When Ben Hendrix made his final record-setting lift at this month’s Alabama State Power Lifting Championships, it marked the end of a two-year journey back from the brink and one final achievement in his victory over cancer.
The 15-year-old Benjamin Russell High School freshman competed individually in the Alabama State Power Lifting Championships in Mobile on Feb. 21, setting three state records and being crowned the overall power lifting state champion in the sub junior (14-18 years old) 163-pound weight class along the way.
Ben said he was a little nervous during the competition, which he entered after his father, Bill, noticed he possessed a talent in weight lifting.
“I’ve been lifting weights ever since middle school, but this is my first power lifting meet. It felt pretty good. At the beginning, it was real nerve wracking, but a lot of the guys that were more experienced kind of put me under their wing almost and made it fun,” Ben said. “We do maxes every now and then at school, and Dad thought that my maxes were pretty good, so he looked up some competitions and told me I should go do one of these meets.”
During the meet, Ben set three state records for his weight class, finishing first place in the squat with a lift of 292 pounds, finishing first in the dead lift with a lift of 358 pounds, and setting an overall combined weight record of 859.25 pounds.
Ben also finished second in the bench press with a lift of 209.25 pounds.
While Ben’s journey ended in triumph, it began with a battle against tragedy.
The Feb. 21 date of the state meet also holds significance because it marked two years since Ben’s final chemotherapy treatment in a long battle with Burkitt’s lymphoma, a form of cancer that affects the lymphatic system.
“He was 115 pounds and bald-headed two years ago. He was at Children’s Hospital doing his last round of chemo for Burkitt’s lymphoma,” Bill said. “This (competition) was a thing where I asked him, ‘Do you want to put an exclamation point on your defeating cancer by challenging yourself with this weightlifting competition?’ He’s worked so hard.”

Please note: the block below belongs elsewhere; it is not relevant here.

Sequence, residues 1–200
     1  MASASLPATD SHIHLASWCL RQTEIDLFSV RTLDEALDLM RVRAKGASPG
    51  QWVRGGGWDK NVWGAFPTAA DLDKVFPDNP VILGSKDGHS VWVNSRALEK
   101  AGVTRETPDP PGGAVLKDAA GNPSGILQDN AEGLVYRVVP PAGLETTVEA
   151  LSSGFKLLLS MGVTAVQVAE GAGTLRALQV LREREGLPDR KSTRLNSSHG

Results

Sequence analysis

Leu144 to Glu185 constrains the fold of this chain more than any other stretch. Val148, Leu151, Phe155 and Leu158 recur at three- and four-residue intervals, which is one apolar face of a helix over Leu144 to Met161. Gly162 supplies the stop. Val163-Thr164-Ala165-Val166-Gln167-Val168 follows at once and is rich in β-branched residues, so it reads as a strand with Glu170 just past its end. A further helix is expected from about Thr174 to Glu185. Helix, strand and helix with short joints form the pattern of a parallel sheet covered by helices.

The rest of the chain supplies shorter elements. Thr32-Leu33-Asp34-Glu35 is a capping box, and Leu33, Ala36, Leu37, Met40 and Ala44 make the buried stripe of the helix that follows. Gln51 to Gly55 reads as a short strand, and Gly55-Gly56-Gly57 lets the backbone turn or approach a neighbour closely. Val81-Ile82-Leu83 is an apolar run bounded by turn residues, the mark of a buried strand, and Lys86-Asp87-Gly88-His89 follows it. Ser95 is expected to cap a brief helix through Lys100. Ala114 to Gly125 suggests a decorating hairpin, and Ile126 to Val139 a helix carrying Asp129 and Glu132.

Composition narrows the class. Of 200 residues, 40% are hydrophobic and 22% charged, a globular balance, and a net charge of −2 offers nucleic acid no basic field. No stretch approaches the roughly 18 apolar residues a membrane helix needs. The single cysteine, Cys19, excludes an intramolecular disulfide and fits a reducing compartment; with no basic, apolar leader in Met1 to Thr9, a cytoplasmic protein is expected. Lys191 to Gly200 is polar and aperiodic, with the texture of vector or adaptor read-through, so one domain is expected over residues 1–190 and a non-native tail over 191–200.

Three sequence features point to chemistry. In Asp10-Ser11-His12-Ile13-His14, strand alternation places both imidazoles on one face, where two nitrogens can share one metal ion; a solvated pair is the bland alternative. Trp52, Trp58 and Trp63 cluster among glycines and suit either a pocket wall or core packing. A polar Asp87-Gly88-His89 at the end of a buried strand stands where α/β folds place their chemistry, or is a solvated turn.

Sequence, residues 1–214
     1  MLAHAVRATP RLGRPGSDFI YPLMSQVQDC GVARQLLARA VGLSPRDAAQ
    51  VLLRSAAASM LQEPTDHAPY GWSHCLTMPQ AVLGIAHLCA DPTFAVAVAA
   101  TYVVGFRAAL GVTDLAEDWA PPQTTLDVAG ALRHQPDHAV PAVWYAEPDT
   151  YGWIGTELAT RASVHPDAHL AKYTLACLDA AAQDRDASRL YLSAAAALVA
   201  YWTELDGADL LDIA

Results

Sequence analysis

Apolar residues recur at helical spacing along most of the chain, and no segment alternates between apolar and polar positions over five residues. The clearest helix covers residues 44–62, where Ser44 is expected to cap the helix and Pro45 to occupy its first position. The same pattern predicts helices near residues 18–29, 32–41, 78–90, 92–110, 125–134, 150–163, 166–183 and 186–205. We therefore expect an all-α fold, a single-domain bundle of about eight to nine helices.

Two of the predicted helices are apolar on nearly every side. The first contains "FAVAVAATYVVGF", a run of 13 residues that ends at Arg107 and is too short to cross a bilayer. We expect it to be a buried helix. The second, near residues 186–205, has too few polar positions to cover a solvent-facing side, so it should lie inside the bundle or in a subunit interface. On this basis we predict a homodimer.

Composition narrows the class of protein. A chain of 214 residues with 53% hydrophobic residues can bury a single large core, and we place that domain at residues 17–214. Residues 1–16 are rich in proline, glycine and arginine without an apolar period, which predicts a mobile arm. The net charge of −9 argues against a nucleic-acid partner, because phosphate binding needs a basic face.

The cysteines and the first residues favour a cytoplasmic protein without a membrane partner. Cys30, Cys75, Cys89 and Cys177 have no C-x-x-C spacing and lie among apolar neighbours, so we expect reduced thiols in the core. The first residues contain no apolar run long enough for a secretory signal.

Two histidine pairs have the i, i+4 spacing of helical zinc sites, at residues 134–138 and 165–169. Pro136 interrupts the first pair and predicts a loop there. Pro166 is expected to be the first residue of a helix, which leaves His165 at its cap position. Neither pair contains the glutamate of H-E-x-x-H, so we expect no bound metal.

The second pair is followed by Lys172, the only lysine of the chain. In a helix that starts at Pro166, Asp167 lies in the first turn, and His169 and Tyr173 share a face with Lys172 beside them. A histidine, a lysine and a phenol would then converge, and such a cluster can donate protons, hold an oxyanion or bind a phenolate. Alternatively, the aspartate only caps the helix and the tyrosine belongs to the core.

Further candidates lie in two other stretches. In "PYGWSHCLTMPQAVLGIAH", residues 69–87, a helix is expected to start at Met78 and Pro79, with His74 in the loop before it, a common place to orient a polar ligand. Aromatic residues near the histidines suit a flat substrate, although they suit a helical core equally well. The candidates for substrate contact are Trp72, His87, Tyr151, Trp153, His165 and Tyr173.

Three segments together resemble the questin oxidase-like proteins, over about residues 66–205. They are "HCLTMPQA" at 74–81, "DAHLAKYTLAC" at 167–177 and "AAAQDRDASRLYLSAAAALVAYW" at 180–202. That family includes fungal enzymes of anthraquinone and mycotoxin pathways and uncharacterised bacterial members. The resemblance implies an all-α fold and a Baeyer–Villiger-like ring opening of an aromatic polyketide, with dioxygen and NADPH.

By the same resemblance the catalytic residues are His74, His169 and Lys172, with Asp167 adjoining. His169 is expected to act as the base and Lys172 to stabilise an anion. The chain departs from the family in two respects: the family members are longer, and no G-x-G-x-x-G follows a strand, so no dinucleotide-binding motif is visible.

Bill watched as his son achieved the goals he set out to reach. For the emotional father, it was an indescribable feeling to see his son’s success at the competition, not just because of any records set, but to know the struggle and how far Ben had to come to get to that point.
“It’s hard to put into words what his mother (Dedie) and I witnessed him go through from the lowest of the low with sickness and weakness to where he could barely walk at one point,” Bill said. “He has been his own toughest critic, meaning getting caught up in his school work, being able to compete in football and getting right back into the swing of things, and nothing has slowed him down.”
Faith, medicine and Ben’s desire to recover are what his father credits for his son’s success.
“His mother and I have an unbelievable respect knowing what other parents go through with any illness and any type of setback. There’s a couple things that I believe heals illness whether it is physical or emotional,” Bill said. “In my opinion, it’s the power of prayer and God, it’s doctors and medicine. In my opinion, it’s in that order. But it’s also somebody who has a burning desire inside of them to be passionate about something. And his love has always been athletics. I couldn’t be any prouder.
“There’s no worse feeling in a parent than to see your child sick and get those terrible words from the doctor that your child has cancer. But there’s nothing more rewarding than to see how hard your child works to defeat a disease.”
Moving forward, Ben has big aspirations. Along with a continued participation in football and soccer, he hopes to take his power lifting talents to national competition.
As for motivation, he said he has his coaches to thank for helping push him forward.
“The hardest thing I will have to push myself on is that I want to go to nationals, so I’m going to have to keep my weight down. I’m right at the weight limit,” Ben said. “Besides that, I don’t really have a problem pushing myself because Coach (Danny) Horn pushes me enough in the weight room at school, he and Coach (Wes) Tate do. They do a real good job of working us out three times a week and we run the other two days. That keeps me going.”
Ben said knowing that he was able to get this far after his battle with cancer is hard to put into words. But he will always remember that no matter how tough things got, he never let it keep him down.
“I don’t know really how to put it, but it just kind of makes you feel good. A disease can’t take over your life. Some diseases aren’t curable, but you can’t just let something like that keep you down,” Ben said. “You just have to go through it.”